Permanent daylight saving time?


Joe Corvino

Daylight saving time should be a practice of the past.

Joe Corvino, The Delphi Staff

As daylight savings time occurred this past weekend, many people have sparked debate over whether the United States should continue to observe this holiday. 

In March 2022, the U.S. Senate unanimously passed a bill to remove changing the clock twice a year in exchange for permanently keeping daylight savings time. But, the bill was rejected once it reached Congress. 

Since then, many Americans have been advocating for the bill to be revisited, including 12 U.S. senators

Daylight savings time was first used in the Canadian town of Port Arthur, Ontario. On July 1, 1908, the residents of Port Arthur turned their clocks forward an hour. Germany and Austria were the first countries to implement daylight savings time for the whole country. 

During WW1, Germany and Austria came up with the idea to move their clocks ahead an hour to preserve energy and fuel supplies for the war effort. 

Daylight saving time was signed into law in the United States on March 19, 1918 and was set to take effect on March 31, 1918. 

Since then, daylight savings time has been used in the U.S. every year. 

“Congress should keep daylight saving time permanently because it’s annoying changing the clocks back and forth twice a year,” said Del Val freshman Owen Keane.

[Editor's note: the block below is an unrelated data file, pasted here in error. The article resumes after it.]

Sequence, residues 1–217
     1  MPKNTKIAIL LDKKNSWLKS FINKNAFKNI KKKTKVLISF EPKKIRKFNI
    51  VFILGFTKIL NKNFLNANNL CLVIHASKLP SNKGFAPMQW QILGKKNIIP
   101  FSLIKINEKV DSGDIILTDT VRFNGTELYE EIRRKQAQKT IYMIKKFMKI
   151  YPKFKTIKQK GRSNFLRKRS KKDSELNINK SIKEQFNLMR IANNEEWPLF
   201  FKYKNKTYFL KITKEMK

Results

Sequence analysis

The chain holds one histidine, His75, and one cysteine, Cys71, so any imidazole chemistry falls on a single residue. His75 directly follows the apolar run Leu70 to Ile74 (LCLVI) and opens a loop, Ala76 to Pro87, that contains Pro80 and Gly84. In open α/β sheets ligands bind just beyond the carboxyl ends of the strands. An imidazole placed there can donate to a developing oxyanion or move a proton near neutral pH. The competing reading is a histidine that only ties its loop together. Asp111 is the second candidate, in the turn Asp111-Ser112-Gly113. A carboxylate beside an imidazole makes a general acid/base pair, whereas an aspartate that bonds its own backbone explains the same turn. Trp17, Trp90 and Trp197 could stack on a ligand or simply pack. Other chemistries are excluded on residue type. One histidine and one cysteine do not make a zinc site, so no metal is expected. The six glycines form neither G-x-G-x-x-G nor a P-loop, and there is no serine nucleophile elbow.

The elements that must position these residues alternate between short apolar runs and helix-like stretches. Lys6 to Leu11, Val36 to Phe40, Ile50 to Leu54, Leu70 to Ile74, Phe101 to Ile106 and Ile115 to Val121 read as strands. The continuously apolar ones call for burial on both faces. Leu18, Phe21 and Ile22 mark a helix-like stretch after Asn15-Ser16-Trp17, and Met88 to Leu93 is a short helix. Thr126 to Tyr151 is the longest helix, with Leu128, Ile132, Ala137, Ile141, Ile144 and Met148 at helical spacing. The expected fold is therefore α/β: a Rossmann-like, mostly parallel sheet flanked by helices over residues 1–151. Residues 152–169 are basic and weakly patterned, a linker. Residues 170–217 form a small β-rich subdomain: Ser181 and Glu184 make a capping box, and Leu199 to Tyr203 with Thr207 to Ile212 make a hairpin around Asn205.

Making daylight savings permanent would be beneficial to society in multiple aspects.

First, having it be light out for the majority of the work day makes driving to and from work safer, thus reducing car accident rates and lowering the number of pedestrians struck by cars. Making daylight savings time permanent would make the commute to and from work during daylight hours for the majority of working Americans, which allows drivers to see better and be more attentive and drastically reduces the number of car accidents. 

A study by the University of Washington concluded that installing daylight savings time permanently would also reduce the amount of deer hit by cars. Wildlife biologists at the university found that keeping an extra hour of daylight would prevent an estimated 36,500 deer deaths, 33 human deaths, 2,050 human injuries and an estimated 1.19 billion dollars in damages. 

“I think that having a standard time would benefit us,” said Del Val economics teacher Michael DePaolo. “After daylight savings time, workers aren’t being as productive because they’re mentally drained, so they’re not being as productive with their time.”

While American workers would have to make an initial adjustment to the time change, this is no different than what working class Americans go through twice a year. In the long run, no longer changing the clocks forward and back twice a year would benefit society as a whole. 

“It’s more convenient for the everyday citizen,” said junior Sara Matthews. “Saving electricity will benefit us incredibly in the long run.”